The news of Jim Delany’s announcement that he’ll be leaving in 2020 as Commissioner of the Big Ten is not totally surprising. He’s been the head of the conference dating back to 1989 and has seen the conference expand beyond the Midwest to the East Coast. In addition, he was at the forefront of creating its own in-house network that has led to huge revenue streams not just for the conference, but for its member schools.
Delany joined the Big Ten after leading the Ohio Valley Conference. One of his most innovative ideas at the OVC was to sign a deal with ESPN to televise its basketball games late night on Saturdays (mostly at 11 p.m. ET). Not only did the conference’s schools like the idea, but also the coaches, who liked the national exposure. Students made the games a huge party and ESPN saw good ratings for the games.
That caught the attention of the Big Ten. Delany brought in Penn State to the conference, and later lured Nebraska, Maryland, and Rutgers.
While he was able to sign contracts with ESPN/ABC throughout the 1990s, Delany became frustrated with the Worldwide Leader and decided that in order to air the conference’s other inventory of games, like women’s basketball and Olympic sports, why not create its own league-centric network? And thus, the Big Ten Network was born in 2007. And while it was not immediately welcomed by the largest cable providers, it proved to be a must-carry network.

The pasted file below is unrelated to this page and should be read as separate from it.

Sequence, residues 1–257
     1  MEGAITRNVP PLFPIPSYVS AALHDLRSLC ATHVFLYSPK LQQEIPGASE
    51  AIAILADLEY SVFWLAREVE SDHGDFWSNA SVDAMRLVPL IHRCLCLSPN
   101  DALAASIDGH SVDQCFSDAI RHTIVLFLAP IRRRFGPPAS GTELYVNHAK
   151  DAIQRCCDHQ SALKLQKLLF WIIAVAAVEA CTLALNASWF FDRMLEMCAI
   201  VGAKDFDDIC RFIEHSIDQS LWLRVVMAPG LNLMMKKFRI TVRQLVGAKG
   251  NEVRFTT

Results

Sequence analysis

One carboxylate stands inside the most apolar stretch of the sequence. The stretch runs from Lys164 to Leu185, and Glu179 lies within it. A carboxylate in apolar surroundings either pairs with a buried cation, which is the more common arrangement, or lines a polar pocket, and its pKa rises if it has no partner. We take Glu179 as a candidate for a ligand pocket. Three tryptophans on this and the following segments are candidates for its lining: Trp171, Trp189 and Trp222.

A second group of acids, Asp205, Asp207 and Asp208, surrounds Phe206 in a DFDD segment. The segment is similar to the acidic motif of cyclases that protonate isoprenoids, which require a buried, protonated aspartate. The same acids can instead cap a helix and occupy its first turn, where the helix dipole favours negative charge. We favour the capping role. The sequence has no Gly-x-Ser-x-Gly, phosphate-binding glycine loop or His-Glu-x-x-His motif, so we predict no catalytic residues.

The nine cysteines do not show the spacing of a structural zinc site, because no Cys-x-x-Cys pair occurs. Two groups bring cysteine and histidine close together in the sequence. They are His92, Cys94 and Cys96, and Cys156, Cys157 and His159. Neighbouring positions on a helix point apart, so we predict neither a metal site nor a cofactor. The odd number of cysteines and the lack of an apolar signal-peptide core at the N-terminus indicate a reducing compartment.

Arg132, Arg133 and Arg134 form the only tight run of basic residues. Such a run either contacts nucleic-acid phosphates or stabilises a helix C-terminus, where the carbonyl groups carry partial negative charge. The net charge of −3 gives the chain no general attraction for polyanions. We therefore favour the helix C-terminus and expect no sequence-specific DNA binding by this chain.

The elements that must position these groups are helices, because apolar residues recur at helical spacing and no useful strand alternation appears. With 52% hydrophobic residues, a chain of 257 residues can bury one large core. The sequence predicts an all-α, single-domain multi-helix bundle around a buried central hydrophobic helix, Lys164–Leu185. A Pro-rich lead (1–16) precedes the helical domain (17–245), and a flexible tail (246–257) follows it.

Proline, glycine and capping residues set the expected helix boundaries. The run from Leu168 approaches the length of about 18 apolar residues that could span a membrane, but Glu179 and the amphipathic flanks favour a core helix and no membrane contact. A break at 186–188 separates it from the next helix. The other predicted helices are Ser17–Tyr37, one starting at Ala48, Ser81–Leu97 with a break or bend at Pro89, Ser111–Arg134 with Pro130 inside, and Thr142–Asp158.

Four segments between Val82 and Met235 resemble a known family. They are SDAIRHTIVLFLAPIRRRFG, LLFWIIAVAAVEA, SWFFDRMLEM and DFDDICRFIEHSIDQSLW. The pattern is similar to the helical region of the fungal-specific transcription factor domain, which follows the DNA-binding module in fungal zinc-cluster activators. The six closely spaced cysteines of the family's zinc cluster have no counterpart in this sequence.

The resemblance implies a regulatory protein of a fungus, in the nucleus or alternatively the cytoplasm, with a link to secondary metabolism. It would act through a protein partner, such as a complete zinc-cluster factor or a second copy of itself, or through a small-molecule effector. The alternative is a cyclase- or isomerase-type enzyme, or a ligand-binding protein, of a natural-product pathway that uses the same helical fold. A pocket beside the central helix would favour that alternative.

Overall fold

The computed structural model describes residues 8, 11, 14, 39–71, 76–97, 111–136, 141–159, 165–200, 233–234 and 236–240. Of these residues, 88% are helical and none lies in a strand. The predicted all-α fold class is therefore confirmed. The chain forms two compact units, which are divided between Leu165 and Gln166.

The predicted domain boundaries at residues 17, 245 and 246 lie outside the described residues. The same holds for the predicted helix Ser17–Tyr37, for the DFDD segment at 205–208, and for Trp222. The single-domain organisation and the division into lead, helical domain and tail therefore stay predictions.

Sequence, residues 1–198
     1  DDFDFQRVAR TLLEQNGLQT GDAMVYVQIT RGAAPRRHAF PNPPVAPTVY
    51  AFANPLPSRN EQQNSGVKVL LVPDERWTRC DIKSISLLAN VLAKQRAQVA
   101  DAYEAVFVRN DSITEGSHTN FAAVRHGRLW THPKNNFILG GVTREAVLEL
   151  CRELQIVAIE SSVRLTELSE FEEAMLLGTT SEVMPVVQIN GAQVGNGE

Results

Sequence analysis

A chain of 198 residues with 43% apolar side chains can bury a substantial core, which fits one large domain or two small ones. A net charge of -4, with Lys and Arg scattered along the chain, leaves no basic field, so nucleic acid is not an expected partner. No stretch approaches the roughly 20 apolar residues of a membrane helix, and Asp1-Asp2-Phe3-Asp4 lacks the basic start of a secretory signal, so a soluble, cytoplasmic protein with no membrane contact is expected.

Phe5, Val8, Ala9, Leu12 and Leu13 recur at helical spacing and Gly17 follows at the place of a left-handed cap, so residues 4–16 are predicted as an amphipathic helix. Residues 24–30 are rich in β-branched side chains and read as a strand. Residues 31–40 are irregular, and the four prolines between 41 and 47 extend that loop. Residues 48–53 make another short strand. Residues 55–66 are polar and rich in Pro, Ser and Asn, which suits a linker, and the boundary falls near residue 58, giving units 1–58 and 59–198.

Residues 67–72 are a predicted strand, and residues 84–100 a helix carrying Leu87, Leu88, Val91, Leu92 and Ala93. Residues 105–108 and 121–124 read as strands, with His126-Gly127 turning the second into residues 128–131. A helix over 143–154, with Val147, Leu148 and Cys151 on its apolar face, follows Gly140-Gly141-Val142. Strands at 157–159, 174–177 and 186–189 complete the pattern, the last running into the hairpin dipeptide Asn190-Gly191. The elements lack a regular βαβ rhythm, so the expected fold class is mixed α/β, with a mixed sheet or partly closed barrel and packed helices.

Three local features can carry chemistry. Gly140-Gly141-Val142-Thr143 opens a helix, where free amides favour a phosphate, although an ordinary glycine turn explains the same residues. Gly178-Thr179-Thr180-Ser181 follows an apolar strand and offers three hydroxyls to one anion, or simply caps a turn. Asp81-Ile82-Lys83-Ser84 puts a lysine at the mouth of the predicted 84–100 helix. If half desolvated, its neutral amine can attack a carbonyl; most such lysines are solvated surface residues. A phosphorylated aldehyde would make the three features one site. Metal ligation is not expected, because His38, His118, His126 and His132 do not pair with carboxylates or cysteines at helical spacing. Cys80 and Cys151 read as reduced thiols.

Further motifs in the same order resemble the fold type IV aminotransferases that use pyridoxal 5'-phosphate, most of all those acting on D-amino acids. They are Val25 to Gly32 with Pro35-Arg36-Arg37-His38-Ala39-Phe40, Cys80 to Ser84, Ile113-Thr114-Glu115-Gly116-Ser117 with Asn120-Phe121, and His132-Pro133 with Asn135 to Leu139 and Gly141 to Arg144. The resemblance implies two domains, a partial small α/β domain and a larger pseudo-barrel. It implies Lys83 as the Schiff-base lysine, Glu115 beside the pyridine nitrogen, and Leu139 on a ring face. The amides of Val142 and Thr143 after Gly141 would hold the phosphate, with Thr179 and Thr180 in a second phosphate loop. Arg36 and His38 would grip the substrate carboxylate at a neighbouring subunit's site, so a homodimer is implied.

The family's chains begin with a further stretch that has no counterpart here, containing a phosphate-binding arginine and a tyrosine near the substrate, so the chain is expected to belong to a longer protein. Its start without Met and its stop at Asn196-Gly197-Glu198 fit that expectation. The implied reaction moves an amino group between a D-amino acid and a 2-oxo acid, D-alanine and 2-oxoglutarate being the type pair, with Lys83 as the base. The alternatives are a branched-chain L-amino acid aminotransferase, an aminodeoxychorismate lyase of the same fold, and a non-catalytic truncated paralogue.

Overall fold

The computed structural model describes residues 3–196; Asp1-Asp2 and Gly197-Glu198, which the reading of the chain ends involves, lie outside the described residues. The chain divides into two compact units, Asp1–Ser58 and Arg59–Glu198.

The popularity of the network became a cash cow for the Big Ten and led to the creation of a hockey league that also gave the network more original content. The Big Ten Network also became the model for others that followed, like the SEC, Pac-12, and (eventually) the ACC.
In addition, the partnership with Fox for the Big Ten Network led to the network gaining rights for its football championship game and, eventually, to a full-scale deal beginning in 2017.
Delany also saw the value of having multiple network partners, bringing in ESPN/ABC, CBS, and Fox to televise football and basketball. He also created the Big Ten basketball tournament and the aforementioned football championship to help bring in even more revenue from media partners.
And while Delany can be vilified for poaching teams from other conferences, there’s no doubt that he has left huge shoes to fill for the next Big Ten Commissioner. Now the big question before he leaves in 2020 is whether Delany will elect to negotiate a new media rights deal. The current one with ESPN/ABC, CBS, and Fox is worth an estimated $2.64 billion and expires in 2023, and Delany could opt to talk turkey for a new contract before he departs.
For now, Delany can look back at a long career that has brought the league from a regional-centric ten-team conference to a powerful fourteen-team league that extends to the East Coast. From there, he will leave the conference in the top-tier of college sports.